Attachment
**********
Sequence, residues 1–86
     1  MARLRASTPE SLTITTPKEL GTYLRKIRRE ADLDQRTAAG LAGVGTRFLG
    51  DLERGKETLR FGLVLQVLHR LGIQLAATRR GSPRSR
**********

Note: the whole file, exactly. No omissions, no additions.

Sequence, residues 1–86
     1  MARLRASTPE SLTITTPKEL GTYLRKIRRE ADLDQRTAAG LAGVGTRFLG
    51  DLERGKETLR FGLVLQVLHR LGIQLAATRR GSPRSR